And I can report that not only is 50 the new 50, it's got other issues.

For example, as I blogged this summer, I believe I've been the victim of employment-related age discrimination, which is even harder to prove than sex or racial discrimination. And, I suspect something like "social media skills" is going to be an ongoing trick to try to weed out oldsters in the future. That's because I was in Dallas several years back when the Morning News dumped a bunch of older, better paid columnists and such, and justified it on the grounds that it was worried about their ability to improve their computer skills.

Second, I of course hope that some partnership of welfare-hating Republicans and neobliberal Democrats doesn't further increase the Social Security eligibility age, further undercut benefits or make other changes. That's especially true because of the age discrimination issue, and also because of America's continued fraying of the "safety net" otherwise.

There are plenty of near-seniors who have saved nothing for retirement. There's plenty of others who haven't saved a lot.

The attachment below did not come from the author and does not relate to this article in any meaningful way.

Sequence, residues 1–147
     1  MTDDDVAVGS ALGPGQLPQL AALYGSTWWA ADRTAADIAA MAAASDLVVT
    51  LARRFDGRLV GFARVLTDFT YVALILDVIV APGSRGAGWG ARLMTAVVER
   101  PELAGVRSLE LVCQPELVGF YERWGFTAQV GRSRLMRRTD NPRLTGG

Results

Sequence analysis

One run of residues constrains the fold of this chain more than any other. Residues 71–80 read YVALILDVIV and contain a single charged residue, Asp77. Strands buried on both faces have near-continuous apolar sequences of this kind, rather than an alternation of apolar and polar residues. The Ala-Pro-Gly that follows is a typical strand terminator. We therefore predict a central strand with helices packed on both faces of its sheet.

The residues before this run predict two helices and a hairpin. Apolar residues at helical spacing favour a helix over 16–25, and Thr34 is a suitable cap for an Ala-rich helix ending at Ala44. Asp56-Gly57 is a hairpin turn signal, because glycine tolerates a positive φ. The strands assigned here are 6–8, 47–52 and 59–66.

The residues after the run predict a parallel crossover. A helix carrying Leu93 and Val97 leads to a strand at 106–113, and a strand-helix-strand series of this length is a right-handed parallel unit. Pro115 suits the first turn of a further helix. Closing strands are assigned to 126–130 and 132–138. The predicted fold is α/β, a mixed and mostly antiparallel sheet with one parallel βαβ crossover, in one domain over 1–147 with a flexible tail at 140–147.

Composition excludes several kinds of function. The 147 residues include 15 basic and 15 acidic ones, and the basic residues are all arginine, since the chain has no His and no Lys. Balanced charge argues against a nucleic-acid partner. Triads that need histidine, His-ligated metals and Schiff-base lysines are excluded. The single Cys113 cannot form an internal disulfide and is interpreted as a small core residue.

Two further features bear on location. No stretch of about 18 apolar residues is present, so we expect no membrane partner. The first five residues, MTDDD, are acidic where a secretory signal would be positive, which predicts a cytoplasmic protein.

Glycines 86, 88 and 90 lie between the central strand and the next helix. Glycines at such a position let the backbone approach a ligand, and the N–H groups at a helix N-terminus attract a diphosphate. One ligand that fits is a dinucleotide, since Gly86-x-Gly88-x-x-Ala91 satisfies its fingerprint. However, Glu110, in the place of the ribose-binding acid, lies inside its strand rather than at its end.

In many of their, or our, cases, it's not due to frivolity. It's due to some mix of stagnant wages, troubled career fields, job loss and more.

Finally, as I get older, without being lower-c cynical in any greater degree, I do fully hope and intend to become more and more philosophically Cynical. Here's why.

December 24, 2014

How to offend with Christmas baking

I'm not talking about trying to foist glutenous baking products on those going gluten-free, whether for faddish or actual medical reasons. That's one thing, in and of itself.

Rather, I'm talking about pouring booze into Christmas baked goods, then foisting them off on others unannounced. Whether for recovering alcoholics or people who abstain for religious or other reasons, this is a no-no ... and an insult, especially if you have some vague idea you shouldn't do this, and yet you do it anyway.

(That said, the problem can go beyond Christmas, and beyond baked goods; see below.)

What's prompted this outrage is the Washington Post posting a recipe for a vodka-laced pie crust. I originally just shared this on Facebook, but decided I wanted to do more.

I want this specific recipe first, then go to the larger issue.